Philip Glaser's oeuvre couldn't be any more diverse: architecture, people and fashion photography are his specialties. Amongst these are largely formatted works, which have found their way into private art collections in New York as well as into german advertising spots. You may remember the two lovers in the Obi commercial, which was directed by Otto Alexander Jahrreis. The couple proudly carries a 2 by 4 meter photography into their living room, on which a motive of their own bungalow is displayed. (2004)
Or maybe you recall the Mojo Club photographies of Jazzcotech dancer Perry Louis, who, in the meantime, is well-known in the USA and in Japan next to Germany. Since 7 years, these images regularly decorate the famous MojoClub CD-compilations as well as large posterwalls in Hamburg, Cologne and Berlin. (since 2000)
How about the last two music videos made for ambient sound artist Schiller? Christopher von Deylen and Jette von Roth appear on nothing less than a 10 by 14 meters screen located directly in Berlin's heart: the Potsdamer Platz. (2007)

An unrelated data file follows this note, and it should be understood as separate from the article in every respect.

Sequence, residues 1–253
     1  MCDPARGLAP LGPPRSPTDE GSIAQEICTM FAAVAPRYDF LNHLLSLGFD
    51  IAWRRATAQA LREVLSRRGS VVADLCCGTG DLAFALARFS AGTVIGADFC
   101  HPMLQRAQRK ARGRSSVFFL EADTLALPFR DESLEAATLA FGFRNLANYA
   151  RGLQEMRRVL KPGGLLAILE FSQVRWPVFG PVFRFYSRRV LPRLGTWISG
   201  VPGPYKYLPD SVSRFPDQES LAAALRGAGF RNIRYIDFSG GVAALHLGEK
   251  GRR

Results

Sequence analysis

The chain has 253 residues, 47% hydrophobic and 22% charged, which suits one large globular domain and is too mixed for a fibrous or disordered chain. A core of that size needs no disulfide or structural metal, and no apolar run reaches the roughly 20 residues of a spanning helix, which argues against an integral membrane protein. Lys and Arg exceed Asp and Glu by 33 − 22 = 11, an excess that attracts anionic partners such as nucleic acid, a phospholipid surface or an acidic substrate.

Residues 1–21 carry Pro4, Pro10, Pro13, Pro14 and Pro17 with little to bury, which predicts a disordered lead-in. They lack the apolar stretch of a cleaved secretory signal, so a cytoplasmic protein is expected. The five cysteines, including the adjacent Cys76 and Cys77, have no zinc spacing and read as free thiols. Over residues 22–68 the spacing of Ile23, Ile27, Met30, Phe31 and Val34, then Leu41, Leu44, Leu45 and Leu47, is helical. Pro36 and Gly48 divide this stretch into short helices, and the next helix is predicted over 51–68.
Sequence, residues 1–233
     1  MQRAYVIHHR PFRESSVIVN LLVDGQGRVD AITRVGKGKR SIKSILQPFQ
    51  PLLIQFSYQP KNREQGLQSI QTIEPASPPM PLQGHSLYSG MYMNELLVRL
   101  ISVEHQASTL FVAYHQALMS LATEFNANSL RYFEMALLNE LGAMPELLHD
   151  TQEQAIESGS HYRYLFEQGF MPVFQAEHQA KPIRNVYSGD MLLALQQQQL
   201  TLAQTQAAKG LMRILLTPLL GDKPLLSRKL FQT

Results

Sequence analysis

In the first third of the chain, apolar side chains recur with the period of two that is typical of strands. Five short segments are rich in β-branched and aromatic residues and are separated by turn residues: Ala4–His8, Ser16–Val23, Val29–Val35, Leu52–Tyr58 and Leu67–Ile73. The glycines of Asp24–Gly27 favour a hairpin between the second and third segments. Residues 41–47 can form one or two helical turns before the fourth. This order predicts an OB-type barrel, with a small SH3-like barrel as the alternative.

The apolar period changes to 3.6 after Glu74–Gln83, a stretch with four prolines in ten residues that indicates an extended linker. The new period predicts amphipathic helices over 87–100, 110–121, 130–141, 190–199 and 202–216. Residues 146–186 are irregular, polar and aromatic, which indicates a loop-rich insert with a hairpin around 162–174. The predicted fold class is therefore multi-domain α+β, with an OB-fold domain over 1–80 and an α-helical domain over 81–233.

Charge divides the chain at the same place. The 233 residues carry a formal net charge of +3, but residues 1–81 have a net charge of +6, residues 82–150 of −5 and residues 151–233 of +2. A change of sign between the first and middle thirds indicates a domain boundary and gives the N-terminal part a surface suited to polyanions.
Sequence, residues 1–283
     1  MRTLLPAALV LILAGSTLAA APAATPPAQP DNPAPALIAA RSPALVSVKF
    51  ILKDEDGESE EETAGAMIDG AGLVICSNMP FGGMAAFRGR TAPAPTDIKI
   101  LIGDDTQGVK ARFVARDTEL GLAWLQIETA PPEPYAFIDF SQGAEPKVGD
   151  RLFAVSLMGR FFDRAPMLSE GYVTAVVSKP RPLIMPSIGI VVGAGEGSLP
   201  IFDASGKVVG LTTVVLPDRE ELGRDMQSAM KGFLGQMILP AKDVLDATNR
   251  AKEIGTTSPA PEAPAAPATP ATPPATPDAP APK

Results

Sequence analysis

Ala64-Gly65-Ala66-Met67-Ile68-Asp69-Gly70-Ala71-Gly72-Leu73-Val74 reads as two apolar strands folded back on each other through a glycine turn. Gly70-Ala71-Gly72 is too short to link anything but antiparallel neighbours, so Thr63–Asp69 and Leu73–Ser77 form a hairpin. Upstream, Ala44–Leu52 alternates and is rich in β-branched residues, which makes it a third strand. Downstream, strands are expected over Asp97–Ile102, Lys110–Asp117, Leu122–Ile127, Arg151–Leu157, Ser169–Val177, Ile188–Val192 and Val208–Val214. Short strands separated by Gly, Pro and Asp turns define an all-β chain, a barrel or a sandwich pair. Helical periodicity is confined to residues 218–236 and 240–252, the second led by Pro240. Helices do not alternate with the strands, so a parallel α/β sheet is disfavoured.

After his previous works, it is remarkable to note that Philip Glaser's first German exposition focusses around small formats. As opposed to his architectural works, which required the use of large-format cameras, Philip Glaser utilizes 8 by 8 centimeter polaroids to make best use of the medium's traits as a reference to the motives of the painter Hopper. With the polaroids expanded to 160 by 160 centimeters, these references become clear on a selection of 5 of the 45 works.
Philip Glaser's vitae includes a distinctive honour degree in Art History (acquired in 1998) at the University of Hamburg under Professor Martin Warnke, who is decorated with the Leibnitz price.
Born in 1968, Philip Glaser spent years of his teenage life in New York and along the East Coast of New England (USA), where he discovered his passion for photography. At this time in the early 1980's, early singns of RAP break dance and graffiti dominated the American subculture. Coupled with the wild pop culture of excentric Manhattan, these ingredients made for the conceptual birth of his photographic senses and vision. From this point onwards, Philip Glaser raised his own extroverted and, at the same time, quiet and diligently analytical and well-choreographed style.